United States Supreme Court Lifts Restrictions On Corporate Political Campaign Financing
Jan 21, 2010
A 5-4 United States Supreme Court ruling issued today, January 21, 2010, has lifted longstanding corporate restrictions on political campaign financing.
As reported in the Business Week article reprinted below, the ruling may affect labor unions.
To view the U.S. Supreme Court ruling, click here.
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BusinessWeek–January 21, 2010
By Greg Stohr
Jan. 21 (Bloomberg) — A divided U.S. Supreme Court struck down decades-old restrictions on corporate campaign spending, reversing two of its precedents and freeing companies to conduct advertising campaigns that explicitly try to sway voters.
The 5-4 ruling went beyond the circumstances in the case before the justices, a dispute over a documentary film attacking then-presidential candidate Hillary Clinton.
The majority, invoking the Constitution’s free-speech clause, said the government lacks a legitimate basis to restrict independent campaign expenditures by companies.
“The government may regulate corporate political speech through disclaimer and disclosure requirements, but it may not suppress that speech altogether,” Justice Anthony Kennedy wrote for the majority.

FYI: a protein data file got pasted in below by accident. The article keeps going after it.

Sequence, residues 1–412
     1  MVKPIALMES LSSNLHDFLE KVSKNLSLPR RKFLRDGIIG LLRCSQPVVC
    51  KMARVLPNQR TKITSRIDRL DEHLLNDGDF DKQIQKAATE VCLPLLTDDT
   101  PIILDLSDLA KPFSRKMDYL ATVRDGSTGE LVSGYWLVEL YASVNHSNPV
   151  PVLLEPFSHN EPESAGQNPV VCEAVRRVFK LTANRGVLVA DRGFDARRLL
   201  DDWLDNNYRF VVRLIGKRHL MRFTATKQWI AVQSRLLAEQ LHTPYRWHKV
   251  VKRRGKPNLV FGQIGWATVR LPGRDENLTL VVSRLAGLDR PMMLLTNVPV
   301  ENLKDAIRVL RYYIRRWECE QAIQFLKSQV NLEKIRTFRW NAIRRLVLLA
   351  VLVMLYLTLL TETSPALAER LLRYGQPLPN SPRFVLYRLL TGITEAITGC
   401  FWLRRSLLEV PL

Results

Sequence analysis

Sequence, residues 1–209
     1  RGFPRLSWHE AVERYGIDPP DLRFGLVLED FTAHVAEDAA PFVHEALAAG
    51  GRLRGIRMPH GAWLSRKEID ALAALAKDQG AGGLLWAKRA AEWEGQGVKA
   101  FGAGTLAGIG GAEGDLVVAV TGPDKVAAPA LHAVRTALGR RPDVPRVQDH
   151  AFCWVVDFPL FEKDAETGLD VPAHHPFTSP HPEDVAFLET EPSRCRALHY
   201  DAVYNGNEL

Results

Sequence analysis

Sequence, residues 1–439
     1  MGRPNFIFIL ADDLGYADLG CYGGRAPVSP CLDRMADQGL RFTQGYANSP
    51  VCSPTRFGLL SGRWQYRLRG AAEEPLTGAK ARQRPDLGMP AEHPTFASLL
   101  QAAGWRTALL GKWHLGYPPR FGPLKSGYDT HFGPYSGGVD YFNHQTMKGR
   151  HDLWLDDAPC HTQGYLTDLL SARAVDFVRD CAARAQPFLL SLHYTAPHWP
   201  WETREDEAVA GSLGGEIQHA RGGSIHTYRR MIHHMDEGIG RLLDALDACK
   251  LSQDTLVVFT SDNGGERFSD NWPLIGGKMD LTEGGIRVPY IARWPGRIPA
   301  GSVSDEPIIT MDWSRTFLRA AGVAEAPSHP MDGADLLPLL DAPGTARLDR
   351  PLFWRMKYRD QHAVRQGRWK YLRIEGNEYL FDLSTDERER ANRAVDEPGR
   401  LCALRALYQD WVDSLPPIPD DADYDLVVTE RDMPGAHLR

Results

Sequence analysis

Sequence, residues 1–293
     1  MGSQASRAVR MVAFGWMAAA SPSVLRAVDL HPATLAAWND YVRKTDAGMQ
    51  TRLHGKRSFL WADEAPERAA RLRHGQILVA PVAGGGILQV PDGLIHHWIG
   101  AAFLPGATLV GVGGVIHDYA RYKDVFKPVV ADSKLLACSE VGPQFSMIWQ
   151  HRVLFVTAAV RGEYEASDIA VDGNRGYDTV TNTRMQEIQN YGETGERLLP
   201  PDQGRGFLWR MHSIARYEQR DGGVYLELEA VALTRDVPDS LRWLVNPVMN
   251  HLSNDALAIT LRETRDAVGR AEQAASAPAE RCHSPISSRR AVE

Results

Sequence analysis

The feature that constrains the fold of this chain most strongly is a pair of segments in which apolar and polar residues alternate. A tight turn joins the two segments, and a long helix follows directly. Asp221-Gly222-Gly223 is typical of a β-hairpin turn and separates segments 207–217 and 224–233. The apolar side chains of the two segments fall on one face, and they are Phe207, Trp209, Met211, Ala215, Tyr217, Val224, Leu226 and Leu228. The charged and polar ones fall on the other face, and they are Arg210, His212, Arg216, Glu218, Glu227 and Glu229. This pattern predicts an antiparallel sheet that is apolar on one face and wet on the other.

The ruling divided the court along ideological lines, with the newest justice, Sonia Sotomayor, joining the liberal wing in dissent. Chief Justice John Roberts and Justices Antonin Scalia, Clarence Thomas and Samuel Alito joined Kennedy.
Companies, which had been barred since 1947 from spending money in support or opposition to a candidate, potentially now will pump millions of dollars into campaigns. Companies, and possibly labor unions as well, will be able to use their general-treasury dollars to punish or reward lawmakers for their votes on legislation.
The decision may boost Republicans as they aim to recapture congressional seats in the November election. Senate Republican leader Mitch McConnell of Kentucky was among those urging the court to lift the corporate spending restrictions, while the Democratic National Committee backed the limits.
Roberts and Alito
The ruling marks the boldest step yet for Roberts and fellow George W. Bush appointee Alito, who previously had shied away from explicitly reversing precedents. The majority overturned a 1990 Supreme Court decision that said corporations can be barred from using general treasury funds to pay for campaign advertisements.
The court also reversed part of a 2003 decision upholding the McCain-Feingold overhaul of federal campaign finance regulations. The 2002 law barred corporate and union campaign spending in the weeks leading up to an election, even if the advertisements didn’t explicitly take a stance on a ballot issue. The high court today said that so-called electioneering provision is unconstitutional.
The 2002 law was named after its Senate sponsors, Republican John McCain of Arizona and Democrat Russ Feingold of Wisconsin.
The ruling is a victory for Washington-based Citizens United, the corporation that created “Hillary: The Movie.” The 90-minute film, which creators sought to air on a video-on- demand channel during Clinton’s 2008 presidential campaign, features interviews with a number of prominent critics of the New York senator, including Ann Coulter and Newt Gingrich.
The case is Citizens United v. Federal Election Commission, 08-205.
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